Daily Telegraph 20 Aug. 1990, p. 1

Americans...reportedly were taken from the Mansour-Melia Hotel in Baghdad on the night of Oct. 29 and are now presumed to be 'human shields' at an undisclosed

strategic site in Iraq.

Washington Post 1 Nov. 1990, section A, p. 1

See also guestage

human wave

(Lifestyle and Leisure) see Mexican wave


noun (People and Society)

In media and young people's slang: a sexually attractive, ruggedly masculine young man; a male pin-up.

Etymology: A figurative sense development of the noun hunk, literally 'a large piece cut off from something (especially food)'; in this case, the development arises from an assessment of the man in question entirely from the point of view of physique (as though he were a piece of meat), in response to the

plethora of such words used by men about women. An earlier slang sense was 'a large (and clumsy or unattractive) person', but

this sense is now normally covered by hulk.

History and Usage: First used by jazz musicians in the forties and popular with college students in the US in the late sixties, hunk had spread to various other parts of the English-speaking world (including the UK, Australia, and South Africa) by the end of the seventies. During the eighties it enjoyed a fashion among tabloid journalists, along with the adjectives hunky and hunksome.

Jumping on the hunk of the month bandwagon is photographer Herb Klein with a 1985 calendar that gives you a different man every month.

Fair Lady (South Africa) 26 Dec. 1984, p. 11

Michael Patton pranced his hunky bod around.

Village Voice (New York) 30 Jan. 1990, p. 83

Girl fans will be seeing more of the hunk...in the top...soap.

News of the World 11 Feb. 1990, p. 5

hunt sab (Lifestyle and Leisure) (People and Society) see sab

8.10 hype...


(Lifestyle and Leisure) see glitzy

hyperprefix (Science and Technology)

In computing jargon: involving complex organization of text or other machine-readable media so that disparate sources are linked together and may be accessed simultaneously. Used especially in:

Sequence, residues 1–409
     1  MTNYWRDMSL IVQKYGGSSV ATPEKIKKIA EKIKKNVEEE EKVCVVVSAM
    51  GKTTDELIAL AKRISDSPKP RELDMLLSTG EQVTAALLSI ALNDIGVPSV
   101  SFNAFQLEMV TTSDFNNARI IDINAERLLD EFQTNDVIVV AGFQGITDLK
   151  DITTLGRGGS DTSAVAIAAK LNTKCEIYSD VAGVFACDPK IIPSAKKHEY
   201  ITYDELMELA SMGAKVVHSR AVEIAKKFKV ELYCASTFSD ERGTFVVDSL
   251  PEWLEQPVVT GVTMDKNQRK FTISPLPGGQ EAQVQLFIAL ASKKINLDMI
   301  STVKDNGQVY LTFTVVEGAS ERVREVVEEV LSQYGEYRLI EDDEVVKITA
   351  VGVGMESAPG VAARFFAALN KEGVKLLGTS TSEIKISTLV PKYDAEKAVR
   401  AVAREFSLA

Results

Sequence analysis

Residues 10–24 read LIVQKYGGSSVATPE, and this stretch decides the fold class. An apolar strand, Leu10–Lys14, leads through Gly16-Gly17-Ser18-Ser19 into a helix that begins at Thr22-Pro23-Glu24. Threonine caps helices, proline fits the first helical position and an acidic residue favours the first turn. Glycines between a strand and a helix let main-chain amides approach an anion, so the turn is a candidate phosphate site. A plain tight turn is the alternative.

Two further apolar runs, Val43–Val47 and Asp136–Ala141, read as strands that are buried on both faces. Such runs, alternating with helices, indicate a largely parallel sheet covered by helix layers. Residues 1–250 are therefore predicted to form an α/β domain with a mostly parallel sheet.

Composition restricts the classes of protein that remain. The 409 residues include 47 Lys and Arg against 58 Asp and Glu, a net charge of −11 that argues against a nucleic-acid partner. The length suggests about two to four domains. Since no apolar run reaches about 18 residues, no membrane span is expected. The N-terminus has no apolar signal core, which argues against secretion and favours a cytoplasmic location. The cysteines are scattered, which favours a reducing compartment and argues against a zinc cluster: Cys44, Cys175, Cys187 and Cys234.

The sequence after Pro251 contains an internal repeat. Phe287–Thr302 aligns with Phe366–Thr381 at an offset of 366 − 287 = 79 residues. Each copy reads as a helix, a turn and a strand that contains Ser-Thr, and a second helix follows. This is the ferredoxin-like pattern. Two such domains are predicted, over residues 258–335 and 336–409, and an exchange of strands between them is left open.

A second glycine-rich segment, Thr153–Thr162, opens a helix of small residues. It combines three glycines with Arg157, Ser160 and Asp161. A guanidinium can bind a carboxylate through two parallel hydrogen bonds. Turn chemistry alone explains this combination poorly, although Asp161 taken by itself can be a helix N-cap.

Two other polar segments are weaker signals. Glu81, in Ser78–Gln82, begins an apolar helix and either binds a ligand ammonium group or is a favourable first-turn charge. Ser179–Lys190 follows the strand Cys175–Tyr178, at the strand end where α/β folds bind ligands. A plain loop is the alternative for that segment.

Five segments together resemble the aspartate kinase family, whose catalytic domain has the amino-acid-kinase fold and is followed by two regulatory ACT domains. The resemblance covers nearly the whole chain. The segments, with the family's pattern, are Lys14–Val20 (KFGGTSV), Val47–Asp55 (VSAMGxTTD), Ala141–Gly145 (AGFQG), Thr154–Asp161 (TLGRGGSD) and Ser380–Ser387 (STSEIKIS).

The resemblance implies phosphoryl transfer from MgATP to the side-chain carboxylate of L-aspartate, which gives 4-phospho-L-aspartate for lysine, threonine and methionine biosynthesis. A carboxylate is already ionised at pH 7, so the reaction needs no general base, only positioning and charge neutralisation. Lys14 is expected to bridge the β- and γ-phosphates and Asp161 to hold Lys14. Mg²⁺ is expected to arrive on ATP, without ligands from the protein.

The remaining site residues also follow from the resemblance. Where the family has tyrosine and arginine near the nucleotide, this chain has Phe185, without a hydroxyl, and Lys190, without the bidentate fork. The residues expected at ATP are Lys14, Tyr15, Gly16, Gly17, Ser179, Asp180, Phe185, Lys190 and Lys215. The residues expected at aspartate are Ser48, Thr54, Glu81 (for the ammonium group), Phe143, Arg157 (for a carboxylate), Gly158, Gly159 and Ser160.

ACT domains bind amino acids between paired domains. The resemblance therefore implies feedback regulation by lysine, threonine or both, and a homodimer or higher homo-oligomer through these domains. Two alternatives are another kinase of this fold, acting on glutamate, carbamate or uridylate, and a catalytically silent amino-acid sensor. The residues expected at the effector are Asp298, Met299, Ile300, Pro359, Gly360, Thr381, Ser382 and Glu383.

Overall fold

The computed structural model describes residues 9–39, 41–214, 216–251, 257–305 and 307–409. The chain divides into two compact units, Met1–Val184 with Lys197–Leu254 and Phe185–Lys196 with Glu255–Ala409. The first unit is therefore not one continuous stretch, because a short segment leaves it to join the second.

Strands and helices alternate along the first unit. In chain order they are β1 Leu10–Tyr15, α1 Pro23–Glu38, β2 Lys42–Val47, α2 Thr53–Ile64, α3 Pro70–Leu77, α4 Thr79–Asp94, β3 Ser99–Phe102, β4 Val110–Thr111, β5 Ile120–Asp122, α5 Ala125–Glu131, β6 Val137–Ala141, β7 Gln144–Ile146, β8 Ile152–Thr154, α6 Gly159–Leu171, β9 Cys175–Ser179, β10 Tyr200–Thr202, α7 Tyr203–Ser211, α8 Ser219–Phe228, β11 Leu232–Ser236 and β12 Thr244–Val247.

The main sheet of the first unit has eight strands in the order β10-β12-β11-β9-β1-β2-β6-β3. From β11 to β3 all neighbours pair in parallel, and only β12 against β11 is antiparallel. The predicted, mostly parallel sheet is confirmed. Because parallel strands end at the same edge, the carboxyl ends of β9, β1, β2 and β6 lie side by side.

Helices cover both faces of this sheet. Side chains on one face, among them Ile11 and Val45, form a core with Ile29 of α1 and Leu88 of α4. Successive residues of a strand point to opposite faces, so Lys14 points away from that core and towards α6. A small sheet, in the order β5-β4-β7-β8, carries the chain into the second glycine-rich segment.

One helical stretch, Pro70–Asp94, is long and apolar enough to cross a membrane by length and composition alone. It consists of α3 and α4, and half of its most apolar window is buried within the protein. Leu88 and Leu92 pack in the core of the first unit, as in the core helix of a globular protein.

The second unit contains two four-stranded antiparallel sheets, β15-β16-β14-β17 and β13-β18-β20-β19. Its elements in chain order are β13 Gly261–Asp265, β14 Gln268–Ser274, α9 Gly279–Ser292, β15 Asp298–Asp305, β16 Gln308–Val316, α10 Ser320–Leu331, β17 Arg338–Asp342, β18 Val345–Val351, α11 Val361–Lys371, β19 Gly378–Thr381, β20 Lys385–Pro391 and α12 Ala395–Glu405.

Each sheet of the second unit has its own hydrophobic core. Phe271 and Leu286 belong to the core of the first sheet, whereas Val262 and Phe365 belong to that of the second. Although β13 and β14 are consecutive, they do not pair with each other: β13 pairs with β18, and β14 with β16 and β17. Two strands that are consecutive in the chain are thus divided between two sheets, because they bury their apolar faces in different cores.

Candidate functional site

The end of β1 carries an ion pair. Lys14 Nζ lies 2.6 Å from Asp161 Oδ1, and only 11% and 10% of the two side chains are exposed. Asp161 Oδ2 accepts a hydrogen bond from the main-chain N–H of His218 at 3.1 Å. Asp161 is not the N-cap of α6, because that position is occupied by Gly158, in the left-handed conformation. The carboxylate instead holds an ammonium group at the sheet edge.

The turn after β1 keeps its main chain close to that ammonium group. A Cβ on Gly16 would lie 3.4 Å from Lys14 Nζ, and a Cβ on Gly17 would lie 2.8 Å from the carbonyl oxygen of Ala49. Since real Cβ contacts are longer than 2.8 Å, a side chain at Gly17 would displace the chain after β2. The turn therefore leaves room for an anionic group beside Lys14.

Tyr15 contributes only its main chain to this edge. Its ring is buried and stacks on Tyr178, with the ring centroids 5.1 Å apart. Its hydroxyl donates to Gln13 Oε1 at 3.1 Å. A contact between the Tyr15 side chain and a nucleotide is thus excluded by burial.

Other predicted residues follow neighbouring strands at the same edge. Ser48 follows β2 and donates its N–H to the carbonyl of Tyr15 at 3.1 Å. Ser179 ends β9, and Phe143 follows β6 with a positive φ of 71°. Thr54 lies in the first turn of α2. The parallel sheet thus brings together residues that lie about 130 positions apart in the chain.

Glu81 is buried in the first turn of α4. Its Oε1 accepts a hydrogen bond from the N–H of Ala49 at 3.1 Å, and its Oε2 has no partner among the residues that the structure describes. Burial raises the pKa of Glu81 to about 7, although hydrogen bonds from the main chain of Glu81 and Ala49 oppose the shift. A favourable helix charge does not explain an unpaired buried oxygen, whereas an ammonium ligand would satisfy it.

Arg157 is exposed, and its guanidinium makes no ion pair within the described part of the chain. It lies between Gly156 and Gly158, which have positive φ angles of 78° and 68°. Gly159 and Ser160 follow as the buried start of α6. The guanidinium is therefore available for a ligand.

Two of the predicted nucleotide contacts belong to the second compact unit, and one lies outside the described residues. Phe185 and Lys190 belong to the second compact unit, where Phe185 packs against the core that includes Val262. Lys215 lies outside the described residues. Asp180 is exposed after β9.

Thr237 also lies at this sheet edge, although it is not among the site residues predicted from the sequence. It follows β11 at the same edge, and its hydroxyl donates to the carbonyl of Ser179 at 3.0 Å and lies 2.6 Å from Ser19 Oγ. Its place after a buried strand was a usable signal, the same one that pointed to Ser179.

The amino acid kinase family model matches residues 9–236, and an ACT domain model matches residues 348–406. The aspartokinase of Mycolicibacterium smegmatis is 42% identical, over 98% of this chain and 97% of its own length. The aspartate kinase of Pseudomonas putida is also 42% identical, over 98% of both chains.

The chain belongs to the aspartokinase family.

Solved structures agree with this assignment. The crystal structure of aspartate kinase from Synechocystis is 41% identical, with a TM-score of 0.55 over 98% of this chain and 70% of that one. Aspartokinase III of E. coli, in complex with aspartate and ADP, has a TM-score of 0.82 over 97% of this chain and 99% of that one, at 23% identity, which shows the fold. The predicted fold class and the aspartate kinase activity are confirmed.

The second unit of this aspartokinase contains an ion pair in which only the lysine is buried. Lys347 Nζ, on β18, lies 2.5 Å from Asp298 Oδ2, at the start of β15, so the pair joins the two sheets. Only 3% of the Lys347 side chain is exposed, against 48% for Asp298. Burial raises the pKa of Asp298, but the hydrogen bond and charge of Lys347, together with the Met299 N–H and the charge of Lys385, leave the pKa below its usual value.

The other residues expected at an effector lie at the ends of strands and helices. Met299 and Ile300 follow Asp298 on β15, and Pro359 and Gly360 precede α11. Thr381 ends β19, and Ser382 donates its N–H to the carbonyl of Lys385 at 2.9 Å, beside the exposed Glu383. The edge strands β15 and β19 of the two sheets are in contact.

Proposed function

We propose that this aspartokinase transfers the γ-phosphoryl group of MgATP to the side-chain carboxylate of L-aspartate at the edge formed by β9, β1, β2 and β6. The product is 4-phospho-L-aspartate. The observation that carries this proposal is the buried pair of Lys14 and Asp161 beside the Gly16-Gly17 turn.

hypermedia, a method of structuring information in different media (text, graphics, sound, etc.) for presentation to an individual user in such a way that related items of information are connected and presented together;

hypertext, machine-readable text that does not form a single sequence or come from a single source, but is so structured that related pieces of text can be displayed together.

Etymology: The Greek prefix huper- 'above, beyond'; these approaches to machine-readable media go beyond the concept of searchability to present the user with a highly structured and interconnected resource.

History and Usage: Hypertext and hypermedia are concepts which computer scientists have been working on since the sixties, but which were perhaps too far ahead of their time to gain much popular currency until the eighties. Then, with the general

public becoming increasingly computer-literate and demanding ever more sophisticated sources of information, and the necessary hardware becoming ever cheaper to produce, hypertext

and hypermedia (sometimes called multimedia) were presented very much as the next step after the database and the personal

computer, CD player, etc.

Because different types of data...can be tied together, hypertext and hypermedia are important in multimedia systems, where they can provide an innovative way to navigate the different data on a multimedia system.

Daily Telegraph 9 Apr. 1990, p. 29

Two aspects of the Active Book transcend the most useful Filofax: hyperlink and multimedia.

Independent 9 Apr. 1990, p. 18




noun (Drugs)

In the slang of drug users, a crystalline form of the drug methylamphetamine or 'speed', smoked (illegally) for its

stimulant effects.